Russia drafts 134,500 conscripts but says they won't go to Ukraine

Russia drafts 134,500 conscripts but says they won’t go to Ukraine

Russian service members march during a military parade on Victory Day, which marks the 76th anniversary of the victory over Nazi Germany in World War Two, in Red Square in central Moscow, Russia May 9, 2021. REUTERS/Maxim Shemetov/File Photo

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LONDON, March 31 (Reuters) – President Vladimir Putin on Thursday signed a decree ordering 134,500 new conscripts into the army as part of Russia’s annual spring draft, but the defense ministry said the call-up had nothing to do with the war in Ukraine.

The order came five weeks into Russia’s invasion, which has run into fierce Ukrainian resistance. Russian Defense Minister Sergei Shoigu said on Tuesday that none of those called up would be sent to any “hot spots”.

The issue of conscripts’ involvement in the war is highly sensitive. On March 9, the defense ministry acknowledged that some had been sent to Ukraine after Putin had denied this on various occasions, saying only professional soldiers and officers had been sent in. read more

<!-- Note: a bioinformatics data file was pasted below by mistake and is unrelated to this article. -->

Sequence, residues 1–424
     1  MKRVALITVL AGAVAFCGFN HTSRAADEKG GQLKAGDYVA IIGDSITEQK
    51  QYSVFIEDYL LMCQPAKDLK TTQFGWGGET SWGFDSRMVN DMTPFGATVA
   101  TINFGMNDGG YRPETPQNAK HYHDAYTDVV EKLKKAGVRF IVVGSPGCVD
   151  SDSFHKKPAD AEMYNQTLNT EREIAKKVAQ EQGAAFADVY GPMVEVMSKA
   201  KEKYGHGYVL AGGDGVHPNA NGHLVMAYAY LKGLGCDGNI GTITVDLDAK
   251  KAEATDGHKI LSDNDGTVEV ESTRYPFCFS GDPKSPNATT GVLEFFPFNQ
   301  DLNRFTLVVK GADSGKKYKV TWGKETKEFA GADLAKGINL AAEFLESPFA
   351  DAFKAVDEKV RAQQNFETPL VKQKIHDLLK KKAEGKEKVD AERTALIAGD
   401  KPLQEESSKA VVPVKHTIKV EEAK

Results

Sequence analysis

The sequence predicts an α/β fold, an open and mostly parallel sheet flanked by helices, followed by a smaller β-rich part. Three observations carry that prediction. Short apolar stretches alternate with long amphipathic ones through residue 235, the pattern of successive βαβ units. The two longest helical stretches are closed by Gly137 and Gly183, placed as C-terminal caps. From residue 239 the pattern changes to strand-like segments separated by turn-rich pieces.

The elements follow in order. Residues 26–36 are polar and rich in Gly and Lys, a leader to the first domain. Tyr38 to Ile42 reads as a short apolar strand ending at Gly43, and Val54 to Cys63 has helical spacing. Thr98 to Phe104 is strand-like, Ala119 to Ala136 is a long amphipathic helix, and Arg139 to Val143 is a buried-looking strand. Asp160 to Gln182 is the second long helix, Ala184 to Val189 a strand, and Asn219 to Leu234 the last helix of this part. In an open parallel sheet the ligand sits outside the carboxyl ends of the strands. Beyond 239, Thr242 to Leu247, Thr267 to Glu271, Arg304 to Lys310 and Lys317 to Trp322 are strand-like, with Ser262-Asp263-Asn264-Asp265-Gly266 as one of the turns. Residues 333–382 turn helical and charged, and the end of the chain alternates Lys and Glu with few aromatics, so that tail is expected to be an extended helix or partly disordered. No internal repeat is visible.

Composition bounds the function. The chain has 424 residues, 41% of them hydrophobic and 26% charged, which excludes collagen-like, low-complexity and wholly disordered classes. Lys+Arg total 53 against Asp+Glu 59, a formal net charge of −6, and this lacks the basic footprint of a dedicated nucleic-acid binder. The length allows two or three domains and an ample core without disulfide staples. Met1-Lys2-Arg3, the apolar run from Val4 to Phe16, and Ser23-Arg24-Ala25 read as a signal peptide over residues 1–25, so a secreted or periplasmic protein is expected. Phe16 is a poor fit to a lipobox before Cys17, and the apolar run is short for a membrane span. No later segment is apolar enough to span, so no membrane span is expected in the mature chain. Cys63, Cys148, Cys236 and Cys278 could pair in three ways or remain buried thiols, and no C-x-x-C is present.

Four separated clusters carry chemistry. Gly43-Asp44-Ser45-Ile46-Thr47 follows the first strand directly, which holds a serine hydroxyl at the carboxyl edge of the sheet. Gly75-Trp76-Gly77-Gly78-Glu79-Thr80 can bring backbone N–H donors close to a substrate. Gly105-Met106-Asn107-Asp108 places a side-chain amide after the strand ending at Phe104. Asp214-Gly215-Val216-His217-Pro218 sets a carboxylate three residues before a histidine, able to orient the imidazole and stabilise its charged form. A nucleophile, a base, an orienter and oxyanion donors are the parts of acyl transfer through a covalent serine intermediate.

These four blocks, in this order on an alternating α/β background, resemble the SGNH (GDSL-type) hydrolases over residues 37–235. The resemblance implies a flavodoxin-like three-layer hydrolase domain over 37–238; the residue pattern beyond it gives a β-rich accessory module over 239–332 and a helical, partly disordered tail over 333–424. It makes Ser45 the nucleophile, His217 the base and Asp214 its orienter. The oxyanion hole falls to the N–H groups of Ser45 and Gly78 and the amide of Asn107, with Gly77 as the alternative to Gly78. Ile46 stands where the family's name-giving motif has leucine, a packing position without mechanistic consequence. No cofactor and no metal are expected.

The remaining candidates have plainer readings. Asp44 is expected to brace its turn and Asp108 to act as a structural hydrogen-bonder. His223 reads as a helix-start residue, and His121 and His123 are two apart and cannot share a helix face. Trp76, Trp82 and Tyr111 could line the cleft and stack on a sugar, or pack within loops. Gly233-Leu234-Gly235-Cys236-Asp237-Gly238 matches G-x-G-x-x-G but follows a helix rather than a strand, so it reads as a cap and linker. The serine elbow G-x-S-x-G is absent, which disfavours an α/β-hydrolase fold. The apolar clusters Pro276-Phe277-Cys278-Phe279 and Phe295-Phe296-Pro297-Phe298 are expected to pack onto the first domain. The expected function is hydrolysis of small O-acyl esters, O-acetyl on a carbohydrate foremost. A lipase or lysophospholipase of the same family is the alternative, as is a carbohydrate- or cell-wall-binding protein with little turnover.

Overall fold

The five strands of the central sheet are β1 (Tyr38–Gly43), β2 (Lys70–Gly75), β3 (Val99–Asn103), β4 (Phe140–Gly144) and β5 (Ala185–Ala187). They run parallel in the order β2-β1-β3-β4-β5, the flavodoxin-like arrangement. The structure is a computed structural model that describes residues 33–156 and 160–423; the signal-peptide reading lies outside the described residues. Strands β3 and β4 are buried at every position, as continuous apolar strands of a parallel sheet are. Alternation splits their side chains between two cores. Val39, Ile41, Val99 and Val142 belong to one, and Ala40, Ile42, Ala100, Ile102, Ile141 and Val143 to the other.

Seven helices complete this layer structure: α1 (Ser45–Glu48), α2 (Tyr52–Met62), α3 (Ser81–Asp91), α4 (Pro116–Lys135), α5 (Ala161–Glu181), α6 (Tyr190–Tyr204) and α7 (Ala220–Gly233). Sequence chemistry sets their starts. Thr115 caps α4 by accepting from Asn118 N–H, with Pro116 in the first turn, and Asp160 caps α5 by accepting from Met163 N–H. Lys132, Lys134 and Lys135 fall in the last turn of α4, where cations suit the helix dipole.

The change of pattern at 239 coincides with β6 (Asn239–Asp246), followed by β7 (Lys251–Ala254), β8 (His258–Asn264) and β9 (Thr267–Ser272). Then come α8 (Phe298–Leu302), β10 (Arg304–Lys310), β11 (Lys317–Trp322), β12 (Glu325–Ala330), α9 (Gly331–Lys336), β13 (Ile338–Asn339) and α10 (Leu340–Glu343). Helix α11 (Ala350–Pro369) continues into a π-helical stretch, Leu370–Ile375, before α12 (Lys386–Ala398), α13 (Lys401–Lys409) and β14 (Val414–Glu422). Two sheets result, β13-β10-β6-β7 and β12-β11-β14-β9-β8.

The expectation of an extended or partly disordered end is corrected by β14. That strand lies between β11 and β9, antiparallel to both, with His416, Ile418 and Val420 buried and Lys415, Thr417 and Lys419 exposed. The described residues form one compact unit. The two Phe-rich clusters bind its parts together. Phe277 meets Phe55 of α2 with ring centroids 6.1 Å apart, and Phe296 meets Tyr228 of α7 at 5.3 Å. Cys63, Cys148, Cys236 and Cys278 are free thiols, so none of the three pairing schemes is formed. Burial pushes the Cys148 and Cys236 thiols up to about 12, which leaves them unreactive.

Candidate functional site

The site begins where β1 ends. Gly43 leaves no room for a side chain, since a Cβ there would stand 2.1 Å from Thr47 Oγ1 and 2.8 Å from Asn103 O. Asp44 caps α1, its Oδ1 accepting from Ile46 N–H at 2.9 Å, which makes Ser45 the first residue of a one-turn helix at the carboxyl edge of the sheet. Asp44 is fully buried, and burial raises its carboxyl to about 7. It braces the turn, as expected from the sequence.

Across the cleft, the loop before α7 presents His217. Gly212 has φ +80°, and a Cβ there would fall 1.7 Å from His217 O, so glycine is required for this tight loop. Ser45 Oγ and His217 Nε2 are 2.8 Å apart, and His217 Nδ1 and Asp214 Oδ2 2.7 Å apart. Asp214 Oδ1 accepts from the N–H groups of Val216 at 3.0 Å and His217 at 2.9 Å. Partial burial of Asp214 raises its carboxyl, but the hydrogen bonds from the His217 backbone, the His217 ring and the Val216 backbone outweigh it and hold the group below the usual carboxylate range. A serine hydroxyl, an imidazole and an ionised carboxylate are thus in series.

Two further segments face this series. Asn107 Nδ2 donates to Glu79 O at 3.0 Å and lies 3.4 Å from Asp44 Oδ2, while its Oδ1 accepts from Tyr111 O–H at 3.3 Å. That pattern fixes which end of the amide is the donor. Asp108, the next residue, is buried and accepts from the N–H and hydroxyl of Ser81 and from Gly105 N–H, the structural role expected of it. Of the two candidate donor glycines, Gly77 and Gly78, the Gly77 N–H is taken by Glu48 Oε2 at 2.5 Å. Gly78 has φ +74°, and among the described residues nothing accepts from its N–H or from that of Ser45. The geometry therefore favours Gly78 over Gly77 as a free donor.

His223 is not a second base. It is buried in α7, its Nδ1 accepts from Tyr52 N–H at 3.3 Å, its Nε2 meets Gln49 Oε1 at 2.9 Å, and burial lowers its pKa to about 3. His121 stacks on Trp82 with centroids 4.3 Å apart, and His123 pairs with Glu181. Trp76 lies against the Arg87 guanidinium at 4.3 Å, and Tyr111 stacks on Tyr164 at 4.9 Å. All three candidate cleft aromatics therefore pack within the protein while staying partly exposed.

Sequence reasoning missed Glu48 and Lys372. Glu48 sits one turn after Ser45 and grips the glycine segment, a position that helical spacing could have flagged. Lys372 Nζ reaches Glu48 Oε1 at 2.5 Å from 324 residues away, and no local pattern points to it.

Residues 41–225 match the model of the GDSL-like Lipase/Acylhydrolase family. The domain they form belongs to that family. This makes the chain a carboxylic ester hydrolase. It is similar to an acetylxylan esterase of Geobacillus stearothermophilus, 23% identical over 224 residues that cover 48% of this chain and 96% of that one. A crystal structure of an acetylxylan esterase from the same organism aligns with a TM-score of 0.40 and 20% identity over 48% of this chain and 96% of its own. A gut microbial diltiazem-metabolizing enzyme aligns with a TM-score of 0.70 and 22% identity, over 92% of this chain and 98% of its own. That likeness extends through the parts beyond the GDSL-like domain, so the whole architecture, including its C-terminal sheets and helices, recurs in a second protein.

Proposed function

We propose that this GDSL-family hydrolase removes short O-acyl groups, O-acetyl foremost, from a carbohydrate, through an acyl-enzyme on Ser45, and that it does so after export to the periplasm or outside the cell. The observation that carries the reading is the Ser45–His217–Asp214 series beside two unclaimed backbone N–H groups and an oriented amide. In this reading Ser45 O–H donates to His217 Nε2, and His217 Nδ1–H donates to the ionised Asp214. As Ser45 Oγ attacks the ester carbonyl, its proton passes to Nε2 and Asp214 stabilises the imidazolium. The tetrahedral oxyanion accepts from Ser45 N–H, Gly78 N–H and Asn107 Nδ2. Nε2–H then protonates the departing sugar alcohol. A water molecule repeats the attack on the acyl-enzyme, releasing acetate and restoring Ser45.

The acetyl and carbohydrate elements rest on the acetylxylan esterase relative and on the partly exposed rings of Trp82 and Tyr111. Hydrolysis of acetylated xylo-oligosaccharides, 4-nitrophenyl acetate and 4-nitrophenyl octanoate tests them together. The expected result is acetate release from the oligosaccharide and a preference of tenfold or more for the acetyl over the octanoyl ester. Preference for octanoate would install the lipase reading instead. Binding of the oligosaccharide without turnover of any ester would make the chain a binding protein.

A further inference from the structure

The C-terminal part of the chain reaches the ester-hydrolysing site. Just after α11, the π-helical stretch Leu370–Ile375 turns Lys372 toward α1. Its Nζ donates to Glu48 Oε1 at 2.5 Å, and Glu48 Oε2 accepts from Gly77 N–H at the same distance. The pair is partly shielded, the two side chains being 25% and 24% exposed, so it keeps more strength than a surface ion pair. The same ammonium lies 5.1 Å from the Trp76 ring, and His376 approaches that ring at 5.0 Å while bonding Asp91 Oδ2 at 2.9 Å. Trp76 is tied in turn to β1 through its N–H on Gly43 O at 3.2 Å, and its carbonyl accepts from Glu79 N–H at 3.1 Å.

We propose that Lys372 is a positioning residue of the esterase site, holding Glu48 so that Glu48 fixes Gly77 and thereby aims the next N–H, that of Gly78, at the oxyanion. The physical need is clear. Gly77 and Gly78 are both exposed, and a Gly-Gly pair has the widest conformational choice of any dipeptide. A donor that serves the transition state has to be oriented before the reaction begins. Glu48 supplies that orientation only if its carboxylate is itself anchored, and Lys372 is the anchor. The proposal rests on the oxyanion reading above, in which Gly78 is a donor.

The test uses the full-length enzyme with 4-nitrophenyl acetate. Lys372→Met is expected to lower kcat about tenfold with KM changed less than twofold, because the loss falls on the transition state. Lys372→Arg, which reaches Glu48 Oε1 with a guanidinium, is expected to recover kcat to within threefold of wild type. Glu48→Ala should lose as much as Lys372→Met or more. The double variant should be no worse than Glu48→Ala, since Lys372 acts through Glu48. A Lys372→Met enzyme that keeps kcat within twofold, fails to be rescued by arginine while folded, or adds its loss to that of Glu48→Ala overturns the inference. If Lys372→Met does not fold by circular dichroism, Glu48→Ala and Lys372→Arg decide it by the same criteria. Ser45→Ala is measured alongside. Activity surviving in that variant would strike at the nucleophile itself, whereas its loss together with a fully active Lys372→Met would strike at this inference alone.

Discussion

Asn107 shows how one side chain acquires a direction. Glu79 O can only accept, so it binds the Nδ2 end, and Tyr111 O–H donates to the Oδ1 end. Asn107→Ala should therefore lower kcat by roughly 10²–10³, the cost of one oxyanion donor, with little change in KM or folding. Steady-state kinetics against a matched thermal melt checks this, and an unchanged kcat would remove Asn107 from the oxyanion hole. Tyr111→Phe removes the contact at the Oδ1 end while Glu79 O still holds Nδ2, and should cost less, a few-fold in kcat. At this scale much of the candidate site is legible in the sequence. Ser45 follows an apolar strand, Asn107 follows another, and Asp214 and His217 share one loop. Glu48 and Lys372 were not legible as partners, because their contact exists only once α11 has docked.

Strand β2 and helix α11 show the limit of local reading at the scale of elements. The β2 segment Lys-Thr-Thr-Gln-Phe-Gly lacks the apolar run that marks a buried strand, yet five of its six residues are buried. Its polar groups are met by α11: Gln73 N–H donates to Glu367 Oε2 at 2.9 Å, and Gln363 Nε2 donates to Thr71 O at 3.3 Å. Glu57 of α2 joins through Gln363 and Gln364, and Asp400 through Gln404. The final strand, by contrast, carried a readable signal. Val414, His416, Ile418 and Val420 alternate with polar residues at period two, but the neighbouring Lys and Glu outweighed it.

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Putin’s spokesman said at the time that the president had ordered military prosecutors to investigate and punish the officials responsible for disobeying his instructions to exclude conscripts.

The annual spring military draft, which runs from April 1 to July 15, will affect Russian men between the ages of 18 and 27, Putin’s decree said.

Shoigu said on Tuesday that those called up would begin to be dispatched to their assigned bases in late May.

“Most military personnel will undergo professional training in training centers for three to five months. Let me emphasize that recruits will not be sent to any hot spots,” he said in remarks published on his ministry’s website.

However, Mikhail Benyash, a lawyer representing several members of Russia’s National Guard who refused an order to go to Ukraine, said that under Russian law conscripts could be sent to fight after several months of training.

Russia invaded Ukraine on Feb. 24 in what it called a special military operation to demilitarize and “denazify” the country. The war has killed thousands of people and uprooted millions.

In recent days Russia has reframed its objectives, saying it never intended to take the capital Kyiv and other major cities but is focused on “liberating” eastern areas where Russian-backed separatists have been fighting the Ukrainian army since 2014.

Its statements have been greeted skeptically by Ukraine and Western governments. Military analysts have suggested the declared focus on the eastern Donbas region may be an attempt to make it easier for Putin to seek a face-saving exit.

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Reporting by Reuters, editing by Mark Trevelyan

Our Standards: The Thomson Reuters Trust Principles.

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